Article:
Egyptian-born, New York artist Ghada Amer’s work is being exhibited at Cheim & Read New York until 10 May. Using images of women from various sources including magazines, Amer embroiders paintings and sews the images on to Canvas. The figures are then partially obscured by loose threads creating almost paint drop like runs across the image. These embroidered works are presented alongside steel and metal structures, decorative and imposing.
Amer aims to confront cultural objectification of the female form and here choses to do this through one of the most traditional of female roles, sewing. The works on display were produced between 2012 and 2014 and use texts and words woven in with the female form in both English and Arabic to create a new language that uses as it’s inspiration feminist texts and manifestos.
The piece The Rainbow Girl (2014) draws its inspiration from Simone de Beauvoir’s statement, “One is not born but rather becomes a woman” Amer aims to reclaim language for feminine expression and through this aligns herself with other feminist artists such as Barbara Kruger and Jenny Holzer. Her work seeks to challenge the male dominated world and history of painting and addresses relevant and difficult subjects such as the oppression of women in modern society.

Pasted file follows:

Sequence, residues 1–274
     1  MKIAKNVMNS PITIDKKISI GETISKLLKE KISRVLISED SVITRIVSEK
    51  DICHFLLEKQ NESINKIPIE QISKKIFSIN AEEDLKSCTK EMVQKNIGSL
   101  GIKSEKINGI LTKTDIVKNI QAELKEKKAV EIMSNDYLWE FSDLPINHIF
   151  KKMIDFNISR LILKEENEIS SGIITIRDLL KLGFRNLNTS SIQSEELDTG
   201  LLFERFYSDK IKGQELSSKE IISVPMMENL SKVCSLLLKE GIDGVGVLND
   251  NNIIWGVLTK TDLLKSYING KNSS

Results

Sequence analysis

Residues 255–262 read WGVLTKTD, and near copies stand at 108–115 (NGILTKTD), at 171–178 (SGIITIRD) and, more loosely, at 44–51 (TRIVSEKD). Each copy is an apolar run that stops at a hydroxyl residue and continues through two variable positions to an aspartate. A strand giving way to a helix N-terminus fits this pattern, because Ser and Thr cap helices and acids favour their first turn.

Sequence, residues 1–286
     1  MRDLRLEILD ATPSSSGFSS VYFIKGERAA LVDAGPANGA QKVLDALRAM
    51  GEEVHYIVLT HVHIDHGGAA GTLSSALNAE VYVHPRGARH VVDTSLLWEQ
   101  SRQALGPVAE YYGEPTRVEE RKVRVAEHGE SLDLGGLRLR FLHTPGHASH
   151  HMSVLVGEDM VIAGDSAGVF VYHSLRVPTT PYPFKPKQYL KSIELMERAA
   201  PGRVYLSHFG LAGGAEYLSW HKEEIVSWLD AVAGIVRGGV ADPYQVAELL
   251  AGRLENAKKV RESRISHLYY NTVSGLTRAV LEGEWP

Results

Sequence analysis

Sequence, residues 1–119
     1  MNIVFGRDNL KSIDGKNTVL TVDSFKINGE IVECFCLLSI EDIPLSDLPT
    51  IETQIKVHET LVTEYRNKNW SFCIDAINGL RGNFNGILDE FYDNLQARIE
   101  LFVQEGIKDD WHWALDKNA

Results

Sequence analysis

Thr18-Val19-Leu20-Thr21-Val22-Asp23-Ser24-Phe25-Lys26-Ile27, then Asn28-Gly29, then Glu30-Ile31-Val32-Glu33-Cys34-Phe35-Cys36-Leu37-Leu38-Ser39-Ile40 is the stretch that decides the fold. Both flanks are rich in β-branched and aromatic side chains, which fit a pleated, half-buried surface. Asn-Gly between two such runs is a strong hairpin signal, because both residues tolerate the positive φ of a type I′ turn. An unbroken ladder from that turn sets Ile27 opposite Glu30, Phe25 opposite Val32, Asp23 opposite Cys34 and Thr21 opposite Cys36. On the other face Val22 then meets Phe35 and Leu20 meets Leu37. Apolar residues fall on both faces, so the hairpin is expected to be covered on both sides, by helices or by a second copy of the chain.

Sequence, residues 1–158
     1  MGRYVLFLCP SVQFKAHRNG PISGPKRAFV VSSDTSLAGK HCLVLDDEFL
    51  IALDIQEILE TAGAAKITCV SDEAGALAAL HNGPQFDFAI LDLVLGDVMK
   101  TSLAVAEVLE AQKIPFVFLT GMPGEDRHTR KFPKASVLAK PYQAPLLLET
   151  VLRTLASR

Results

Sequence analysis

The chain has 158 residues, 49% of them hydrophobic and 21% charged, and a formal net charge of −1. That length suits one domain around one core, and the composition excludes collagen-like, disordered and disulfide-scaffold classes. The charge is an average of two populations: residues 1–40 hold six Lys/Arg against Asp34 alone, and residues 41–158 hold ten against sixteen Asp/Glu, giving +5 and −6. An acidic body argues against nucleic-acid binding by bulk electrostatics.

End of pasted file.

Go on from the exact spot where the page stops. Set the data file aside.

Being presented alongside the textile works exhibited here are a selection of metal sculptures, using language and images to create filigreed structures that are inspired by and reminiscent of the latticed wooden screens found in traditional Arabic architecture. Drawing on her upbringing and juxtaposing this with her life in modern day America influence the themes of her work and she often uses pairings such as East verses West and masculinity verses femininity to highlight the issues contained within.
To see more of the Artists work please go to www.cheimread.com
Ghada Amer: Rainbow Girls at Cheim & Read 547 West 25 Street, New York until 10 May
Credit: Photo by Brian Buckley installation view Ghada Amer, The Words I Love The Most, 2012 Bronze